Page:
Sir William Ashburnham, 4th Baronet
The Reverend Sir William Ashburnham (1710–1797) was a Church of England Clergyman and also a baronet.
There is some confusion over the origins of the Ashburnham family, writers have suggested that they may have been an Anglo Saxon family who were in England before the Norman conquest. There was, for example, a Bertram Ashburnham in charge of Dover castle at the time of the Conquest and Camden described the Ashburnham family as being of "great antiquity". However, the Domesday Book indicates that the owner of Ashburnham before the Conquest was actually someone called Siward. The post-Conquest record is that the lord who held Ashburnham from the Tenant-in-chief, Robert, Earl of Eu, was Robert de Cruel and it is probably from this Cruel (or Criol) that the real Ashburnham line began. Their arrival in England would have been from Normandy, during the Conquest, at a place now called Creully in the arrondissement of Caen.
The baronetcy itself, was created in 1691 with the first baronet being Denny Ashburnham.
William Asburnham was the son of Sir Charles Ashburnham, the 3rd baronet of Bromham, Guestling, Sussex. William succeeded to the title as 4th Baronet Ashburnham, on 3 October 1762. He married Margaret daughter of Thomas Pelham of Lewes, in Guestling and had a son William who became the M.P. for Hastings.
Ashburnham was ordained 1733 and appointed chaplain to the Royal Hospital Chelsea in 1741. The following year, 1742 he became Vicar of St Peter Bexhill, Sussex. He was made Dean of Chichester in 1742 and in 1743 canon residentiary of St Paul's Cathedral (a preferment he kept in commendam with the see). Then from 1754 he was Bishop of Chichester for 44 years till his death in 1797, one of the longest episcopates for the see of Chichester. Ashburnham was also rector of Guestling, 1743–1797.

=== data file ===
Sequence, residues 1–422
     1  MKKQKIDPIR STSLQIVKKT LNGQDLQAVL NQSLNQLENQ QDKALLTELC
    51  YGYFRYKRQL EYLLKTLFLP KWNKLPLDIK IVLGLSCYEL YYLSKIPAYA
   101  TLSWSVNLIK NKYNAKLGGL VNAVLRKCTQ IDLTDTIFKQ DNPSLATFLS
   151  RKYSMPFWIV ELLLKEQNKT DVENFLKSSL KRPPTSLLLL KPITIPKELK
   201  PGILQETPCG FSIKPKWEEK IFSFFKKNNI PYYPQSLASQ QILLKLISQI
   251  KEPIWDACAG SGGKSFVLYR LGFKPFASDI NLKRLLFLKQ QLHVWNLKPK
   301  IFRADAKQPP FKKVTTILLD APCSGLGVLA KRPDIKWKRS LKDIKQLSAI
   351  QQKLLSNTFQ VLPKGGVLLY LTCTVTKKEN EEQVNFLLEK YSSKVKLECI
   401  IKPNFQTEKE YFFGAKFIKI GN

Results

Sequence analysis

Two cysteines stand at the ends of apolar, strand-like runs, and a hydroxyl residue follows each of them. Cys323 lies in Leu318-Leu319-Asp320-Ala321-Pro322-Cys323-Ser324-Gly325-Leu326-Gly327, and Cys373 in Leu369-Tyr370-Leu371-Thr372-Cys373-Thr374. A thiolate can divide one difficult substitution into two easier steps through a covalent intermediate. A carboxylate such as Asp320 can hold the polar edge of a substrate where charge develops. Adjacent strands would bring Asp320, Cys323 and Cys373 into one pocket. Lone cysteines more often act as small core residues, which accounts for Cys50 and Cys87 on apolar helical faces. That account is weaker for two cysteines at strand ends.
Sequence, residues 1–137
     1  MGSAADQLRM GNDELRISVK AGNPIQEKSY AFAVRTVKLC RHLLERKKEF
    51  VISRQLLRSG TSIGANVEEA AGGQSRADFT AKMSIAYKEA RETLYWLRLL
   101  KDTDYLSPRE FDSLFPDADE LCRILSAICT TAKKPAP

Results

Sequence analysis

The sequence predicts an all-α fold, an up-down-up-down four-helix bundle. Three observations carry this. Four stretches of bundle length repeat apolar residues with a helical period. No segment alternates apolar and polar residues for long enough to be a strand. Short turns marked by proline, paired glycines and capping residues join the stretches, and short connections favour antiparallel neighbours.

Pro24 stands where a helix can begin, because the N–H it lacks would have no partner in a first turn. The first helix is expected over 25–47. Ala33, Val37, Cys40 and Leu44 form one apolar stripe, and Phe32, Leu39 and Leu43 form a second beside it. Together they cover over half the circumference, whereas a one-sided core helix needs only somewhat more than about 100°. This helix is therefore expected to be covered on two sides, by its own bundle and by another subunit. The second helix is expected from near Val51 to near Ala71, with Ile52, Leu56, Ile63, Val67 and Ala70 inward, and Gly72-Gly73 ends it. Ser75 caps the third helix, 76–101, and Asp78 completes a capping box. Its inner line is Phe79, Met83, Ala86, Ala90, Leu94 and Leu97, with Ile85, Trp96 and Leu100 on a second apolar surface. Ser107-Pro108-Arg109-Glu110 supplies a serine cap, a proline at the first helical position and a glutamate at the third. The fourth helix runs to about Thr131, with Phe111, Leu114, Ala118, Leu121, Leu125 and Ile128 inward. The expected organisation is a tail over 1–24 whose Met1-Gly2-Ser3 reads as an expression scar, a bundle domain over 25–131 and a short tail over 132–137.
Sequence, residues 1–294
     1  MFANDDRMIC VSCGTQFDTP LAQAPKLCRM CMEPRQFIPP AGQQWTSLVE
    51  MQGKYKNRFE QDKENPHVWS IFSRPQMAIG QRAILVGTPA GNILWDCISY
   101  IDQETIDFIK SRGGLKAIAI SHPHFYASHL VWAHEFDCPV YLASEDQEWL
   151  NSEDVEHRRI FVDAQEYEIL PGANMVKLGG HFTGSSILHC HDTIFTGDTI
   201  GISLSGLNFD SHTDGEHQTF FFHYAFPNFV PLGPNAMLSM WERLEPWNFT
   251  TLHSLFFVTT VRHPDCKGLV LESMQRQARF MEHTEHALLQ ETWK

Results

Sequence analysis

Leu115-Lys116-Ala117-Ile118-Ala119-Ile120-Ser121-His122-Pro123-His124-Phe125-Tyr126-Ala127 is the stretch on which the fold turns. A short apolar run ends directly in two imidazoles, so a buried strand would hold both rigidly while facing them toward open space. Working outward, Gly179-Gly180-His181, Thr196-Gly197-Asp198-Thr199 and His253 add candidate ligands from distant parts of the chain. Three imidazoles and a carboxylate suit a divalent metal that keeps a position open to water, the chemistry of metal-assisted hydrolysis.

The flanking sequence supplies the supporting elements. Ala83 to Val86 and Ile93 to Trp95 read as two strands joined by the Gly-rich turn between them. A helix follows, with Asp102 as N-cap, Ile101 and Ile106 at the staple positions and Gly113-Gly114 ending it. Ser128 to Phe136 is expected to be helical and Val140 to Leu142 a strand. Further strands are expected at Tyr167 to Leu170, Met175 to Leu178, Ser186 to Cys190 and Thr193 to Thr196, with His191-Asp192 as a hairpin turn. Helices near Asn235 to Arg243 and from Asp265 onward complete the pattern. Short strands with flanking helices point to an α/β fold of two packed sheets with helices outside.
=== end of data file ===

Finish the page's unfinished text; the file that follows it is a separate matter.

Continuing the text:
During 1767, while Bishop of Chichester, Ashburnham was asked by the dean and chapter to reduce the number of professional adult male singers in the choir (known as lay vicars). The establishment had been for eight. Ashburnham issued statutes to reduce the number to four, their wages immediately being increased by dividing amongst them the stipend originally allotted to the whole body.
William Ashburnham died 4 September 1797.
- National Archive. Reference: ASH. dates:1048–1984 East Sussex Record Office
- Camden. Brittania. Vol 1. Sussex 15
- Lower. Worthies of Sussex. p. 288
- Morris. Domesday Book Sussex. 9,7
- Kimber. The baronetage of England. p. 194
- Fellow– A senior member of a college, supported to a greater or lesser extent by, or enjoying perquisites from the college's endowment.
- .Lit. Reg.–Litterae Regiae: royal mandates directing the conferring of a degree
- "Ashburnham, William (ASBN728W)". A Cambridge Alumni Database. University of Cambridge.
- Church of England Clergy Database
- Commendam–the temporary holding of a benefice, with the right to its revenues, by a cleric or layman in the absence of a proper incumbent: he was said to hold the benefice in commendam. 
- Stephens. Memorials of the South Saxon See. p. 310
- Stephen . Memorials of the South Saxon See. p. 346
- Chichester Cathedral choir information
- "Chichester Cathedral Website". The Dean and Chapter, Chichester Cathedral. Retrieved 4 February 2012.
- "Church of England Clergy Database". Church of England. Retrieved 4 February 2012.
- Camden, William (English version 1701). Britannia Vol 1. London: Joseph Wild. Check date values in:
- Kimber, E; Johnson, R (1771). The baronetage of England: containing a genealogical and Historical Account of all the English Baronets. London: G. Woodfall, J. Fuller, E. Johnson et al.
- Lower, Mark Anthony (1865). The Worthies of Sussex. Lewes, Sussex: Sussex Advertiser.
- Morris, John, ed. (1976). Domesday Book: Sussex. Chichester: Phillimore. ISBN 0-85033-145-5.
- "National archives". UK Government. Retrieved 4 February 2012.
- Stephens, W.R.W. (1876). Memorials of the South Saxon See and Cathedral Church of Chichester. London: Bentley.
- Venn, J; Venn, J. A., eds. (1922–1958). Alumni Cantabrigienses (10 vols). Cambridge University Press.
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